• EBFlex At the summer property putting boats in the water, leveling boat lifts, cleaning the lots for summer, etc. Typical cabin stuff in the most beautiful place on the planet
  • Lou_BC I've I spent the past few days in what we refer to as "the lower mainland". I see Tesla's everywhere and virtually every other brand of EV. I was in downtown Vancouver along side a Rivian R1T. A Rivian R1S came off as side street and was following it. I saw one other R1S. 18% of new vehicles in BC are EV'S. It tends to match what I saw out my windshield. I only saw 2 fullsized pickups. One was a cool '91 3/4 ton regular cab. I ran across 2 Tacoma's. Not many Jeeps. There were plenty of Porches, Mercedes, and BMW's. I saw 2 Aston Martin DBX707's. It's been fun car watching other than the stress of driving in big city urban traffic. I'd rather dodge 146,000 pound 9 axle logging trucks on one lane roads.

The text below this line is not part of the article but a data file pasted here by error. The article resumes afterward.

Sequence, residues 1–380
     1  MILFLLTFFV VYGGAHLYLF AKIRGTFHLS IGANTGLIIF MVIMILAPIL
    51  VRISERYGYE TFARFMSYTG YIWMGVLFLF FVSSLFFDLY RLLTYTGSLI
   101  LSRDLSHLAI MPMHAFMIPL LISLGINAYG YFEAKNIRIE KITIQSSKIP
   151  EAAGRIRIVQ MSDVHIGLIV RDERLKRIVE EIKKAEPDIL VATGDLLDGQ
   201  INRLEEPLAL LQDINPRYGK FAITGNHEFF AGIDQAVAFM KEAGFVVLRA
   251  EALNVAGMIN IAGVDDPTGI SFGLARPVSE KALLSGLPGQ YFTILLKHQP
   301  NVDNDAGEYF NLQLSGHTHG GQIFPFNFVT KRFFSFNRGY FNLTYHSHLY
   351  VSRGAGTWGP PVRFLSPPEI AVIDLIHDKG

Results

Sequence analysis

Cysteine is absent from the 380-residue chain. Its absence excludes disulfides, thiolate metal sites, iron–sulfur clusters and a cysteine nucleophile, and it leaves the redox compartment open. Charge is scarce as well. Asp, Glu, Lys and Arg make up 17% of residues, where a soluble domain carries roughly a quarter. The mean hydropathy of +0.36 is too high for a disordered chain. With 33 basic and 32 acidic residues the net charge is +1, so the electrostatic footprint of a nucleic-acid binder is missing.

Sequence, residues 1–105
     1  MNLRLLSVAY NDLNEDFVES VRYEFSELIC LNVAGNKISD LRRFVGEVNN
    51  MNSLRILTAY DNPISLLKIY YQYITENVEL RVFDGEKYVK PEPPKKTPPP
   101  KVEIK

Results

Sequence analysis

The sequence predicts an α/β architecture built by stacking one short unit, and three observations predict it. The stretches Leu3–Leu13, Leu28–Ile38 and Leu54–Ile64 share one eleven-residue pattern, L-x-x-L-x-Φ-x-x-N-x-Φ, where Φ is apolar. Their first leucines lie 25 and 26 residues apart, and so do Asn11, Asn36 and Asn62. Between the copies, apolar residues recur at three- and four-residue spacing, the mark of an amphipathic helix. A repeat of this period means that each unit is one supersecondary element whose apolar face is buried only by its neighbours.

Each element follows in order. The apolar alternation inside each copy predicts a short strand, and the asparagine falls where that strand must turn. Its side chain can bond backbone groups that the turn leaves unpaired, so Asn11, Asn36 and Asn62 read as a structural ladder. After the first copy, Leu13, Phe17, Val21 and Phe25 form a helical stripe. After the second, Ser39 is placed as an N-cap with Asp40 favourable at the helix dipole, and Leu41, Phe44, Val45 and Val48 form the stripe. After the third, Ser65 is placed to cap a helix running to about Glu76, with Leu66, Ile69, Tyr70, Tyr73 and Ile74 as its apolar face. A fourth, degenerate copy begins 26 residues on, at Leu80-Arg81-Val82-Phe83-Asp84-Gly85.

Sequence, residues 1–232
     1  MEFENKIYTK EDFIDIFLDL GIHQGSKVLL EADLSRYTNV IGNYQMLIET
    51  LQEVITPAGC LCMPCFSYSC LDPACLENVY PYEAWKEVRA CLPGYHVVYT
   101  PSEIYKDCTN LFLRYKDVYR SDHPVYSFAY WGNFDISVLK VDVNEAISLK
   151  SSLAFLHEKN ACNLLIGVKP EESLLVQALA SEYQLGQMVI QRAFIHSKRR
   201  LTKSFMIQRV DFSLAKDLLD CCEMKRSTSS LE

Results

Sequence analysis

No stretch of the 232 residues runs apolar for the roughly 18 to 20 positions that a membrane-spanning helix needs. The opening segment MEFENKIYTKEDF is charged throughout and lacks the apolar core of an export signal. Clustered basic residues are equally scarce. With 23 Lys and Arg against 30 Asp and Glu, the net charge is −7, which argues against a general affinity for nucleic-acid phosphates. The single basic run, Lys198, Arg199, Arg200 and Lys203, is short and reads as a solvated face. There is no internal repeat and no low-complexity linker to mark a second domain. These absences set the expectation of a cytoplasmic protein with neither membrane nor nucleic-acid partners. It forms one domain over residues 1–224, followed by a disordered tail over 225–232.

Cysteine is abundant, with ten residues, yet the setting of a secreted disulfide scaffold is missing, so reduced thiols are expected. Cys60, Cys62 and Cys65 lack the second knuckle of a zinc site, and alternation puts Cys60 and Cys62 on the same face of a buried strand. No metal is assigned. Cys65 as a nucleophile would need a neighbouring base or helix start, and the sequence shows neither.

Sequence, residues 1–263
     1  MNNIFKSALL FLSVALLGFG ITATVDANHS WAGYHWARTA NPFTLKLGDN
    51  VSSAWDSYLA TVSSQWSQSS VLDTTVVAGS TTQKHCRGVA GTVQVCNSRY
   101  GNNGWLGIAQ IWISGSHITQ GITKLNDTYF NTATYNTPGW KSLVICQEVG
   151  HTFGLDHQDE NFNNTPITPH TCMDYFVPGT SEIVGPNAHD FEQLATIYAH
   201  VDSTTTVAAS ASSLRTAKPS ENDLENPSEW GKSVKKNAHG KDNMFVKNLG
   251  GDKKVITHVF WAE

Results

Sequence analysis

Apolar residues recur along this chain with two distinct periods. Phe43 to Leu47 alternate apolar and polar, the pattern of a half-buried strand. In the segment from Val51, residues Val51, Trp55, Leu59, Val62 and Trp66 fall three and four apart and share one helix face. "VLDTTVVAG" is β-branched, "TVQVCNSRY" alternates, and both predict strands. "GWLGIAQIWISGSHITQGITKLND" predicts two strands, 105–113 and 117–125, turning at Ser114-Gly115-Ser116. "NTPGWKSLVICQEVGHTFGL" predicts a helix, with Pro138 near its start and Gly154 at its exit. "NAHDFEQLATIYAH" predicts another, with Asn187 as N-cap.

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  • CAMeyer Considering how many voters will be voting for Trump because they remember that gas prices were low in 2020–never mind the pandemic—this seems like a wise move.
  • The Oracle Been out on the boat on Lake James (NC) and cooking up some hella good food here with friends at the lake place.